The four key influencer personalities are not mutually exclusive. Influencers can and do embody traits of multiple types, and it’s in the smart combinations that these influencers create the magic formula that allows them to connect with kids so strongly. Those who understand the personality traits that work best for their subject do the best job of connecting with kids, whether those influencers are pranksters or role models. Regardless of type, their power is mighty.


We’d love to share more about how our unique expertise and solutions can help your business move forward. Drop us a line here, and we’ll be in touch!

Favor of Men’s and Women’s Teams Pay Proportionate to Revenue

1. The U.S. Men’s and Women’s national teams in sports like soccer, basketball, volleyball, etc. should respectively receive…

Pay that is proportional to the revenue the Men’s/ Women’s teams respectively generate – 59%
Equal pay, regardless of the revenue the Men’s/Women’s team generate – 34%
Not sure / No response – 7%

2. U.S. Soccer sponsor Luna Bar recently provided the funds to close the pay gap between the Women’s and Men’s U.S. Soccer Teams. The marketing effect on Luna Bar’s brand from this effort will be more significant among this consumer segment:

U.S. Soccer fans – 65%
The general public in the U.S. – 23%
Not sure / No response – 12%

3. At the end of April, you’ll look back and say that the biggest event this month was:

The Masters – 72%
NCAA March Madness – 15%
Start of MLB Season – 6%
Start of the NBA Playoffs – 3%
Start of the NHL Playoffs – 3%
NFL Draft – 1%
WrestleMania 35 – 1%
Boston Marathon – 0%
Not sure/No response – 0%

4. What is your opinion on the following statements related to promoting green/sustainability initiatives in sports?

5. Which of the following NCAA basketball conference tournament combinations of sponsor-property represents the best brand fit?

Phillips 66 – Big 12 – 17%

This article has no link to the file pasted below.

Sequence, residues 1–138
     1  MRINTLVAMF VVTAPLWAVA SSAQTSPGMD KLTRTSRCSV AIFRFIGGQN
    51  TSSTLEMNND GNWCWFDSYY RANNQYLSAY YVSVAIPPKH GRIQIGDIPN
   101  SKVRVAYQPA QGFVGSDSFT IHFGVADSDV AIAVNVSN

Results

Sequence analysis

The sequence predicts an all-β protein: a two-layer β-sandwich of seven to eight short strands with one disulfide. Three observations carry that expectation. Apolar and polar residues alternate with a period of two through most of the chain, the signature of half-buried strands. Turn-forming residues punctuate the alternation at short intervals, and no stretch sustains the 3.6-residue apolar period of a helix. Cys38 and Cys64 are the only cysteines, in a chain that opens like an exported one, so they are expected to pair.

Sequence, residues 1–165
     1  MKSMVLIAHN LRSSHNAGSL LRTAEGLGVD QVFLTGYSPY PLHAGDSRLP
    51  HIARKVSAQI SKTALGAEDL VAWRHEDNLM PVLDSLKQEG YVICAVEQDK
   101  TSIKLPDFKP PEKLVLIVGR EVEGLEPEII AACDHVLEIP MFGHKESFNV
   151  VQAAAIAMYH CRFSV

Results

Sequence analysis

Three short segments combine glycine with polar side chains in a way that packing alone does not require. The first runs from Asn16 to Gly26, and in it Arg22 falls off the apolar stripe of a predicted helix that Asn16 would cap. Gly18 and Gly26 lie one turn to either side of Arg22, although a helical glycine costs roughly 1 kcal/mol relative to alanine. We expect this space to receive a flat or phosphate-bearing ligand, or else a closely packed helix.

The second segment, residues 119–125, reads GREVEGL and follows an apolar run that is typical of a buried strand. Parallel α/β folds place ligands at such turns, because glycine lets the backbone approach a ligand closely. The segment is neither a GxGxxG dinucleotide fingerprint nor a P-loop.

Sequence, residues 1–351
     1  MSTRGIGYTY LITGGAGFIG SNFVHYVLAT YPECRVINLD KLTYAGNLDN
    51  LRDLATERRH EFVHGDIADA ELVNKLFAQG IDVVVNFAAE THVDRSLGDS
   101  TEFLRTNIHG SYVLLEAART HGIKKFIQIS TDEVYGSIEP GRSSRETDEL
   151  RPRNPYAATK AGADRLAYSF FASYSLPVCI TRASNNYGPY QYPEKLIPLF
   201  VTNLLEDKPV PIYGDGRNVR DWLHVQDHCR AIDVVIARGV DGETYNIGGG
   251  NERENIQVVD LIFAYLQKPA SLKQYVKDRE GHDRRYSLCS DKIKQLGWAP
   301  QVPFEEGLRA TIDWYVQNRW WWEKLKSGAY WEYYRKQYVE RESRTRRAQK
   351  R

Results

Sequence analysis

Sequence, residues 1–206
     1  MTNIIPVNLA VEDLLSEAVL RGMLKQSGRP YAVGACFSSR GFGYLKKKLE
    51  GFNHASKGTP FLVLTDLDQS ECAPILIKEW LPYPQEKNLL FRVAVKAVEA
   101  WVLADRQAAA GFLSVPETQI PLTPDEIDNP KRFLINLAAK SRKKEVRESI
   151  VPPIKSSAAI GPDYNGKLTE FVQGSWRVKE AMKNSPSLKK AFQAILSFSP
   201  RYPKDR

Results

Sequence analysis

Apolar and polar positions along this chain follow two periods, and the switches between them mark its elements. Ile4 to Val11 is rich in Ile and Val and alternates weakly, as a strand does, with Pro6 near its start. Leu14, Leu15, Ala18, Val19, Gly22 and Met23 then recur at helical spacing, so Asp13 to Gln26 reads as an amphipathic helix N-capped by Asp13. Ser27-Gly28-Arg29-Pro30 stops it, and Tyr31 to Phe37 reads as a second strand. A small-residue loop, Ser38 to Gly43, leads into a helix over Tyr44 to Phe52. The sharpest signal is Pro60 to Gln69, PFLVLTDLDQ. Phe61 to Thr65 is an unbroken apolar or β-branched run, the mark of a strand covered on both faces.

TIA – Ivy League – 14%
Jeep – Big East – 12%
New York Life – ACC – 12%
Air Force Reserve – Mountain West – 9%
SoFi – Big Ten – 8%
Aaron’s – AAC – 1%
Not sure/No response – 27%

6. In the last six months, have you streamed a live sporting event on your phone via your data plan (not via Wi-Fi)?

Yes – 53%
No, and I haven’t wanted to – 33%
No, but I would have if it were a practical option – 14%

7. Which area of sports business will be affected the most by the advent of 5G technology and the related faster and more reliable wireless networks?

At event experience – 35%
Fan engagement – 31%
Media rights – 24%
Not sure/No response – 10%

8. Which of the following statements best represents your opinion of the arrival of 5G technology?

Its potential impact is overblown – 40%
It will have a groundbreaking effect – 29%
Not familiar with 5G technology – 18%
Not sure/No response – 23%

9. Compared to last season, the broader NHL league and team marketing efforts in 2018 – 19 have been…

Less prominent – 24%
As prominent – 32%
More prominent – 21%
Not sure / No response – 23%

10. Which are of analytics has a bigger impact on a pro sports team’s bottom line?

Business analytics – 57%
Player analytics – 41%
Not sure/No response – 2%

11. What is the title of the top data analytics staffer at the average pro sports franchise?

Manager or Director – 47%
Vice President – 36%
Senior Vice President – 8%
C-Suite – 1%
Not sure / No response – 1%

12. How many people work in data analytics/business intelligence roles at the average pro sports franchise?

Average – 6

13. If you were a league commissioner and it was an option to do so, would you share athlete performance data like hear-rate during games as part of broadcast or online stats?

Yes – 39%
No – 59%
Not sure/No response – 24%

14. In light of recent news reports and allegations surrounding Conor McGregor, what is he to the UFC marketing team?

A marketing liability – 41%
A marketing asset – 35%
Not sure/No response – 24%

15. Thinking about your own particular business, what best describes your confidence level regarding the next 12 months for your own business?

7 – Extremely optimistic – 13%
6 – Very optimistic – 32%
5 – Somewhat optimistic – 34%
4 – Neither optimistic nor pessimistic – 12%
3 – Somewhat pessimistic – 6%
2 – Very pessimistic – 2%
1 – Extremely pessimistic – 1%
Not sure / No response – 0%

The Turnkey Sports Poll is a monthly survey of 2,500 sports industry executives representing teams, leagues, governing bodies, facilities, media, events, agencies and brands. The poll covers current events and topics affecting sports business and takes 2-3 minutes to complete. Results are published in the SportsBusiness Journal and on Turnkey’s website. To be considered as a TSP panelist, please click here and enter your business contact information.